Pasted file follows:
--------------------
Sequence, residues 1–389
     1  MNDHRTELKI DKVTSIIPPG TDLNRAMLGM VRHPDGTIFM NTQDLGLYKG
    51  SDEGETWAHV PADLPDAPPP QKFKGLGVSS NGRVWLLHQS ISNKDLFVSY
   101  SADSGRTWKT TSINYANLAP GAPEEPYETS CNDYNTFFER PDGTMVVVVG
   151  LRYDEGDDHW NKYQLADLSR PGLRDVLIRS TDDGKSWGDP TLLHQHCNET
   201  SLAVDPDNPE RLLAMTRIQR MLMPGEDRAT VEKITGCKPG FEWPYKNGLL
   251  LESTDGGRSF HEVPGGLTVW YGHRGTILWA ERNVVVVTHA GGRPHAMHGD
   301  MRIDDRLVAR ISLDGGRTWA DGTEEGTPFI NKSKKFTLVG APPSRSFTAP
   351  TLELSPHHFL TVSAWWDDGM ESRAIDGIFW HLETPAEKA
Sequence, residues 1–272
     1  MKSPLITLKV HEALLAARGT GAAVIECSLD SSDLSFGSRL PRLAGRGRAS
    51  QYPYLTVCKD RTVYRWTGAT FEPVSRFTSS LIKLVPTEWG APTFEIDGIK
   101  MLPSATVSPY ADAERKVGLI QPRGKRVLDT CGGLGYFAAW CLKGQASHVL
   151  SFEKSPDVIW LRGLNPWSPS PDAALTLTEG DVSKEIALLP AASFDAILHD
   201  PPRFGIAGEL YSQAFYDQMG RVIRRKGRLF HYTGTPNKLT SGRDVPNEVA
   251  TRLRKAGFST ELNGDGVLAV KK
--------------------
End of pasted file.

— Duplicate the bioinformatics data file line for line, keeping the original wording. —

Sequence, residues 1–389
     1  MNDHRTELKI DKVTSIIPPG TDLNRAMLGM VRHPDGTIFM NTQDLGLYKG
    51  SDEGETWAHV PADLPDAPPP QKFKGLGVSS NGRVWLLHQS ISNKDLFVSY
   101  SADSGRTWKT TSINYANLAP GAPEEPYETS CNDYNTFFER PDGTMVVVVG
   151  LRYDEGDDHW NKYQLADLSR PGLRDVLIRS TDDGKSWGDP TLLHQHCNET
   201  SLAVDPDNPE RLLAMTRIQR MLMPGEDRAT VEKITGCKPG FEWPYKNGLL
   251  LESTDGGRSF HEVPGGLTVW YGHRGTILWA ERNVVVVTHA GGRPHAMHGD
   301  MRIDDRLVAR ISLDGGRTWA DGTEEGTPFI NKSKKFTLVG APPSRSFTAP
   351  TLELSPHHFL TVSAWWDDGM ESRAIDGIFW HLETPAEKA
Sequence, residues 1–272
     1  MKSPLITLKV HEALLAARGT GAAVIECSLD SSDLSFGSRL PRLAGRGRAS
    51  QYPYLTVCKD RTVYRWTGAT FEPVSRFTSS LIKLVPTEWG APTFEIDGIK
   101  MLPSATVSPY ADAERKVGLI QPRGKRVLDT CGGLGYFAAW CLKGQASHVL
   151  SFEKSPDVIW LRGLNPWSPS PDAALTLTEG DVSKEIALLP AASFDAILHD
   201  PPRFGIAGEL YSQAFYDQMG RVIRRKGRLF HYTGTPNKLT SGRDVPNEVA
   251  TRLRKAGFST ELNGDGVLAV KK